A few months ago a Democratic strategist and I were watching cable news. CNN had a story on the Republican primary fight between Donald Trump, Ted Cruz, John Kasich, and Marco Rubio. "The GOP house is on fire," the strategist told me. "But on June 7, it will be the Democratic house that’s burning down."
Looks like we’re ahead of schedule. Not only is Hillary Clinton engaged in a two-front war, her left flank is crumbling. She lost Oregon to Bernie Sanders and barely won Kentucky. Supporters of the democratic socialist from Vermont wreaked havoc at the Democratic Party convention in Nevada after they did not get their way. Sanders’s condemnation of violence is insufficient for party chair Debbie Wasserman Schultz, whom the Sanders campaign accuses of colluding with the Clintons. A Hillary supporter who recently portrayed Clarence Thomas in an HBO hit job was arrested and charged with simple battery against two Bernie voters. Dianne Feinstein warns of a return to the violence of the 1968 Democratic National Convention.
The same media that puffed up Sanders’s image when he filibustered the partial renewal of the Bush tax cuts in 2010, that treated him as a lovable oddity for most of 2016, has turned against him. "Bernie Sanders, Eyeing Convention, Willing to Harm Hillary Clinton in the Homestretch," bleats the warning in the New York Times. "At least five of the nine permit applications to hold demonstrations during the four-day event have been filed by pro-Sanders forces," the Wall Street Journal reports. "Civil War for Democrats?" asks McClatchy.
Fueling the panic is the prospect of victory by the presumptive Republican nominee. "A fractured Democratic Party threatens Clinton’s chances against Trump," says the Washington Post. Liberal commentators who have been suspicious of Sanders’s lunatic proposals and alarmed at the irrationality of his social media mob are finally recognizing the senator for what he is: an irritable crank. "Sanders—not just his supporters, not even just his surrogates, but the candidate himself—has a problem both in facing reality and in admitting mistakes," writes Paul Krugman. "It all comes from the very top," says Josh Marshall.
Marshall may be more right than he knows. As I read the coverage of the mess in which Hillary Clinton finds herself, I cannot help noticing the absence of two significant words: Barack Obama. Does the president sympathize with and support Hillary Clinton? As far as I know. But he has not come to her aid in this most important of intraparty conflicts. Recently he delivered two commencement addresses, one a subtle critique of the radicalism behind the Sanders campaign, the other a not-so-subtle attack on the nationalism behind Trump’s. Both speeches were good, are worth reading. But they have the same force as the thousands of words that the president has leveled at Vladimir Putin over the years: none.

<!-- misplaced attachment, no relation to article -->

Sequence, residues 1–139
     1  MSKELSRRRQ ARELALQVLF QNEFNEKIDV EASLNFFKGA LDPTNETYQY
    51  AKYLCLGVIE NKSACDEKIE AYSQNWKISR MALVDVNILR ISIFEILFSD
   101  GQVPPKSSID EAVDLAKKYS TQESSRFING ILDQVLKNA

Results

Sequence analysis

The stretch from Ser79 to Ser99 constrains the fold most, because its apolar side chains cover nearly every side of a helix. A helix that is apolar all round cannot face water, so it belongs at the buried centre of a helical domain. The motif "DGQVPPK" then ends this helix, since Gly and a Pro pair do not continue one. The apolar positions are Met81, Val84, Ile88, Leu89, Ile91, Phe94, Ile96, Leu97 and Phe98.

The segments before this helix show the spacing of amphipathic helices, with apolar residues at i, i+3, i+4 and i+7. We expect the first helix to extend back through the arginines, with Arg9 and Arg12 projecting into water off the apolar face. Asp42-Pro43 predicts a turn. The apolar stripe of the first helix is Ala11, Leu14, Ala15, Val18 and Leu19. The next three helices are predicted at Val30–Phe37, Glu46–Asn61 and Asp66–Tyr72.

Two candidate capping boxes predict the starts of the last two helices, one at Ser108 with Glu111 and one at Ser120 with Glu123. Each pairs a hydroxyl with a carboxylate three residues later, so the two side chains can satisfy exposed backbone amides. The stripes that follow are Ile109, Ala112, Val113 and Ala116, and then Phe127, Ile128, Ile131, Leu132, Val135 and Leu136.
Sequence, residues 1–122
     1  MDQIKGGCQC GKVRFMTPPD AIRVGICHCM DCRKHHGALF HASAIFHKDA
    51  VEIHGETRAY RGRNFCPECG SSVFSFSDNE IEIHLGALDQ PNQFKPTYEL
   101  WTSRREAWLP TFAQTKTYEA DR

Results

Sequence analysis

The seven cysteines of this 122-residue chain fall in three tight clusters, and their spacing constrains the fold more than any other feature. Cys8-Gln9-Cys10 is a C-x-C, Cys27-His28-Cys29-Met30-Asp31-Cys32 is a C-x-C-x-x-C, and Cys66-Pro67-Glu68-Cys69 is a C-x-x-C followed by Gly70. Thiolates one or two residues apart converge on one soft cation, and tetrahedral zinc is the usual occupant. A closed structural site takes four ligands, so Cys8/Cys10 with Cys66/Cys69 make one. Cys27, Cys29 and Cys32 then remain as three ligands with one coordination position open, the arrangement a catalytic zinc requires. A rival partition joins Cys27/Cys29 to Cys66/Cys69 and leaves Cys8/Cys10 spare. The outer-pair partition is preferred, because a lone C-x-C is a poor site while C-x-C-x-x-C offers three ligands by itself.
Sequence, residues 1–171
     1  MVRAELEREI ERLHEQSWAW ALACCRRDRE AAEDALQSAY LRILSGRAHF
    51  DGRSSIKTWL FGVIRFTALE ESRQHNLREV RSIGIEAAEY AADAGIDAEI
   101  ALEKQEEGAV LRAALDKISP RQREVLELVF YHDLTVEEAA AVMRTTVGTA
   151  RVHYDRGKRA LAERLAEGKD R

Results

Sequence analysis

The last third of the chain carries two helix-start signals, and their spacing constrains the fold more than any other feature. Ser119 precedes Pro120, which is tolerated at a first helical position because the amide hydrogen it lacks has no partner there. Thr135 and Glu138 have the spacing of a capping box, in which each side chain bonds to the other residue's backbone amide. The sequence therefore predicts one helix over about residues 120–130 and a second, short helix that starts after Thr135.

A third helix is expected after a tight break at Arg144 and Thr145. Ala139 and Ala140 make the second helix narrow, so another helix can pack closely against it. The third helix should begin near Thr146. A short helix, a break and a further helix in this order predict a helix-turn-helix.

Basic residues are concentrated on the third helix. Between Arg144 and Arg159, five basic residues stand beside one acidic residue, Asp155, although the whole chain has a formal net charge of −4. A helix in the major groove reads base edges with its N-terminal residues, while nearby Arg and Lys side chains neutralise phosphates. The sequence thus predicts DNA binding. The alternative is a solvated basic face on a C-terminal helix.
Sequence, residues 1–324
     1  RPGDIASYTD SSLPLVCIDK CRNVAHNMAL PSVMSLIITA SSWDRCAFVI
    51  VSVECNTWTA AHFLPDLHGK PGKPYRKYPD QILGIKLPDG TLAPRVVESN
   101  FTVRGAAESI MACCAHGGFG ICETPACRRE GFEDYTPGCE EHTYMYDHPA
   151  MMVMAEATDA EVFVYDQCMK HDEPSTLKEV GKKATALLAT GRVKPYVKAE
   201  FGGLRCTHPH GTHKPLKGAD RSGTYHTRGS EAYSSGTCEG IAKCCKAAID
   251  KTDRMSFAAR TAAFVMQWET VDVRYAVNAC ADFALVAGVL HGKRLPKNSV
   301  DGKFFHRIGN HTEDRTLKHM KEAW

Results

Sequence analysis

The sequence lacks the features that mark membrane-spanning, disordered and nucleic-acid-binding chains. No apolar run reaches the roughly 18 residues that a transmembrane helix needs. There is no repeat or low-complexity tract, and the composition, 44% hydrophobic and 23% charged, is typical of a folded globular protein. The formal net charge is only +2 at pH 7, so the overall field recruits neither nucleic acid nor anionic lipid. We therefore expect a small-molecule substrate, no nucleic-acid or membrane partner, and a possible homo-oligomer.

Here is another civil war in which Barack Obama chooses not to intervene. If asked why he’s not doing more to support Clinton, he would no doubt offer the same excuses he makes when confronted with his lassitude abroad. I can hear him now: Hillary’s an unreliable ally, a freeloader, needs to fight her own battles. Confronting Sanders is unnecessary—Clinton is just a few contests away from winning the required number of pledged delegates, this fire will put itself out, socialism is an outmoded, twentieth-century way of thinking. Making the most of the bully pulpit would be counterproductive, would turn Sanders’s voters away. That’s not just my opinion. It’s what the experts say. If I got involved in the Democratic civil war, why, I’d have to get involved in the GOP civil war, in the Libertarian Party civil war, in the Constitution Party civil war. How would Americans respond? No, it’s either neutrality in this primary or droning Bernie. And I for one am not willing to do that.
The same facile thinking, the same false choices, the same misplaced confidence in inertia and in progressive evolution that governs President Obama’s diplomacy is evident in his response to the Sanders threat. Like ISIS, Iran, Russia, China, North Korea, Bernie Sanders is not a problem the Democrats can wish away. If the last week tells us anything, it is that Sanders and his diehards do not recognize the legitimacy of a primary system they believe to be corrupt, are willing indeed eager to undermine a party funded by Wall Street and supportive of war and hypocritical in its treatment of working people.
What the Democrats have in Bernie Sanders is not the bespectacled gadfly they had thought, not a good-natured ideas-driven candidate running to make a point, but an agent of subversion, a Ralph Nader running within the party rather than outside it. Ironic the Democrats find themselves in the same place that the Republicans did in the summer of 2015: having to deal with an eccentric populist with a cult following and an independent financial base whose interests do not align with those of the party elite. Obama, Clinton, Wasserman Schultz must decide whether to capitulate to, coopt, or confront Sanders. The Clintons never will surrender their last chance to occupy the White House. The strategy of cooptation, of moving ever left, has not produced the desired result. Confrontation? Risky—and Democrats do not like risk. But it may be necessary. And how will Sanders respond? Could the third-party independent candidate some have been searching for wind up being a bald grandpa from Brooklyn?